In earlier articles we have looked at issues confronting early stage and middle market companies as they traverse,“ no man’s land", that area where companies are too big to be small and too small to be big. We examined specific companies as they came across market, model, money and now finally management issues. I have saved management issues to the end as they confront the Founder/ CEO with some of the most intractable problems to solve.
Fortunately, we have a few management navigational rules. The first is that the Founder/CEO must hire at the top first, not the middle to successfully navigate through No Man’s Land. The second is that as we professionalize management and by the very nature of the appointments push for change, we have to be extremely careful and mindful of the culture of the company.
Now let us take a look at an industrial company I joined following a Founder losing control to Private Equity. The Private Equity Group fired the CEO, CFO, VP Operations and VP of Development. In the chaos that unfolded the marketplace for the company contracted and new product development ground to a halt. There were definite factions in the company and a lot of strife.
Ultimately the CEO and the VP of Development were returned to the company after a protracted period of time. Bankruptcy was averted by a new infusion of funds and the company went on to substantial profit levels and was sold generating a hefty return for the investors.
What do we get from this case study? Well hiring at the top was a necessary, but not a sufficient requirement. Wholesale changes to the management team without any reference to the culture of the company was unhelpful to say the least. Bringing back some of the terminations, suggests at the very least, past errors in communicating management change.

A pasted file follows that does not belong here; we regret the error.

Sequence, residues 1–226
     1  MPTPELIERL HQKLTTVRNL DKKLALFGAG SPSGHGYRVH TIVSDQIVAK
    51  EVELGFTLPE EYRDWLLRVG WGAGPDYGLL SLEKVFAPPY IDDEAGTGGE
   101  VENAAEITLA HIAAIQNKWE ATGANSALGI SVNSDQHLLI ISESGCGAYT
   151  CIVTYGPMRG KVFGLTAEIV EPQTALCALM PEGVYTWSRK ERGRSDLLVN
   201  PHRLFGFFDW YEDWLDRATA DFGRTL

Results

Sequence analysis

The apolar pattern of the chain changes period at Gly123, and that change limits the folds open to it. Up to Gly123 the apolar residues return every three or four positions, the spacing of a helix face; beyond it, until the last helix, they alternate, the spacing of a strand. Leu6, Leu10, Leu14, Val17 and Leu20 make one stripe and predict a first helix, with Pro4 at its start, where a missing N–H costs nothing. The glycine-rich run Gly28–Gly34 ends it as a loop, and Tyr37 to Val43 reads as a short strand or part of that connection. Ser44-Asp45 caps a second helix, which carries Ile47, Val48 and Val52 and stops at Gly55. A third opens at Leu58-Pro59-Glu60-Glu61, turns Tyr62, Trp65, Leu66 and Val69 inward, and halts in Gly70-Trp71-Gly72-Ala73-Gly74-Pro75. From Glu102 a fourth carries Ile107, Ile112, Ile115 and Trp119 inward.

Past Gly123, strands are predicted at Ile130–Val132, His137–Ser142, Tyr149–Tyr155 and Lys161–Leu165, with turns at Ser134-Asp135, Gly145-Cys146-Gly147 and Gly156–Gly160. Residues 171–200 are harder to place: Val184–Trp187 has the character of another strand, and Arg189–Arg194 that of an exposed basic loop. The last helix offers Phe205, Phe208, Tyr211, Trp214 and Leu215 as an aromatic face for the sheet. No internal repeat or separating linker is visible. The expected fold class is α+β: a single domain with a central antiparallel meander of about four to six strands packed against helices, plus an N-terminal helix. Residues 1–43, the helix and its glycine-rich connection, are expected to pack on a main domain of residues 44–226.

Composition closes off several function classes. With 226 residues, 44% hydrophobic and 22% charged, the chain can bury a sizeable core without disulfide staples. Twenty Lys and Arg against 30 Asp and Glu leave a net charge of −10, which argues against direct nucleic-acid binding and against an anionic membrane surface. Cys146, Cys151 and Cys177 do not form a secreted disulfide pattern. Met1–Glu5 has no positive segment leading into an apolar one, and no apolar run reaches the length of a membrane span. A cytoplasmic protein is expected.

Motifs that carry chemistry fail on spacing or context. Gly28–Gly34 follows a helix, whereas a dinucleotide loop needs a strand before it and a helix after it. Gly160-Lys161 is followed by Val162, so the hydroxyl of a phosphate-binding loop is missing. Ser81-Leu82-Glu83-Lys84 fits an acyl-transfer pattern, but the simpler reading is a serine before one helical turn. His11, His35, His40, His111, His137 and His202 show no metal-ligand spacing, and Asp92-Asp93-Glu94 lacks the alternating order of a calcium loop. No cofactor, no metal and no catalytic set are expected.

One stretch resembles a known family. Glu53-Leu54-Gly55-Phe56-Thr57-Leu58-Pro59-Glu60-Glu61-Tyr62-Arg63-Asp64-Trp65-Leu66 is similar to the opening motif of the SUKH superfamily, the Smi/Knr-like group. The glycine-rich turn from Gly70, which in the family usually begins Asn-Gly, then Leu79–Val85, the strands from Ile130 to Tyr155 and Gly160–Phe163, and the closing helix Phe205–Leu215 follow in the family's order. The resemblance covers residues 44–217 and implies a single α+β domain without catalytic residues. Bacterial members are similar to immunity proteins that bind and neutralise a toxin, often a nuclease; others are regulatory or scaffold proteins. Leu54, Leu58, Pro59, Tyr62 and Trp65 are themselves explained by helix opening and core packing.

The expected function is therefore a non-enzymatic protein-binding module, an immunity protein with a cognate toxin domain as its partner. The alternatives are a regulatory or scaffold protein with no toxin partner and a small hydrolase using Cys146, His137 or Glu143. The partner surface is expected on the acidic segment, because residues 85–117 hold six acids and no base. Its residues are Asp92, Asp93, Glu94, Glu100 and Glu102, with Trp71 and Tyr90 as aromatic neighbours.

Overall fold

The second case study involves another loss maker which was an industrial company with 10 operating plants. I joined as CFO and became ultimately the EVP. Again a transition to higher levels of profitability was required. The CEO and Head of Operations were replaced, but the $200 million plus business was managed by division heads at the transaction level. These business heads were the face of the businesses to customers and employees. They were re-targeted with now a focus on profitable sales and marketing with procurement and manufacturing segments to a sourcing group. The culture of the company was changed, but the change was executed by key personnel who represented the original organization. There was little of the factions evident in the first case study above as the business was being transacted by long time players steeped in the culture of the organization, but now directed to manage in a different way.
So have we found the “magic rule” for success in changing management to achieve a transition to higher profit levels? I don’t think so, I think what we have determined are the pitfalls to avoid such as not being mindful of culture, or not changing at the top first. What we next need to be careful about is after professionalizing management that we take the time and effort to align the group. If the team doesn’t know the strategic framework within which to make the numerous day to day decisions, the unlocking of sales, margins and earning potential of the company will not be achieved.
There are a number of organizations including my own that can very quickly measure the various misalignments of an organization. After conducting 600 plus evaluations, I can tell you that there is substantial misalignment in most companies we have visited and it is hindering the successful transition to full earning potential. Managing personnel change may be necessary, but it definitely is not totally sufficient to achieve higher and lasting profitability. The team has to work together in a strong form of alignment.
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